LONDON (Reuters) - It may be no coincidence that Swiss bank UBS UBSN.VX chose John Cryan -- a veteran dealmaker -- as its next finance chief, just as it is splitting its business in three separate units.
The world's biggest bank to the rich ushered the 47-year old Briton in as it made a bigger-than-expected quarterly loss, something that may yet come in useful if the bank chose to hive off assets such as its embattled investment bank.
"(Cryan) is a clear, bright thinker and because he is a corporate financier he might like to do deals," said a former senior investment banker who has worked with Cryan.
"And that in the context of UBS probably means disinvestments of certain business parts," he added.
UBS said on Tuesday it would transform its business into three autonomous units, saying disposals were possible in the future, although none were planned for now.
Cryan's track record shows he knows how to split up a bank.
Last year he helped Dutch bank ABN Amro sell itself to a consortium led by the Royal Bank of Scotland (RBS.L), in what remains the biggest ever takeover of a bank.
Cryan currently heads up the financial institutions group at UBS's investment bank. He will replace Marco Suter -- an ally of former chairman and UBS architect Marcel Ospel who was toppled in the crisis -- on Sept 1.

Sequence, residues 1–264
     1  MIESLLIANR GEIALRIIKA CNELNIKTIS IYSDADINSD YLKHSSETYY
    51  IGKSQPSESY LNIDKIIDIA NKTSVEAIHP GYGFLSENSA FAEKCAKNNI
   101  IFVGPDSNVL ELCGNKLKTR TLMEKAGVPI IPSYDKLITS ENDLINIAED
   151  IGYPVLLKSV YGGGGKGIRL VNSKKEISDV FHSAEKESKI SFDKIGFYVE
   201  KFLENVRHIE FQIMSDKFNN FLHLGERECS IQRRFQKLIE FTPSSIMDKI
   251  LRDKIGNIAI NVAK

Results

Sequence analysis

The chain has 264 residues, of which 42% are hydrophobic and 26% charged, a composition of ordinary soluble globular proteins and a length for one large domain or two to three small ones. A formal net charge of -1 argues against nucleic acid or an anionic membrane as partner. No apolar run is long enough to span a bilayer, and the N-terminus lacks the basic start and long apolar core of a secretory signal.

Cryan has spent most of his 21-year career advising financial companies and has also recently helped steer UBS boards on the financial crisis.
He started his career at S.G. Warburg, which was later taken over by the Swiss Banking Corporation, one of the two founding companies for the present-day UBS.
Cryan may bring months of speculation about the sale of UBS's investment bank to fruition.
"Although UBS states that it is not looking to sell its investment bank, we think speculation regarding this will increase, given the proposed change in group structure," Merrill Lynch analysts said in a note.
UBS has come under continued pressure from activist investor Olivant -- headed by former UBS Chief Executive Luqman Arnold -- to hive off investment banking, which has dented its wealthy customers' trust in the private bank.
The investment bank suffered fresh writedowns and a decline in all three revenue lines: equities, fixed income and advisory.
ZKB banking analyst Andreas Venditti said markets might have already priced in a spin-off of UBS's investment bank given the latest rise in share prices.
"The announced separation of the units might disappoint some in the market," Venditti said.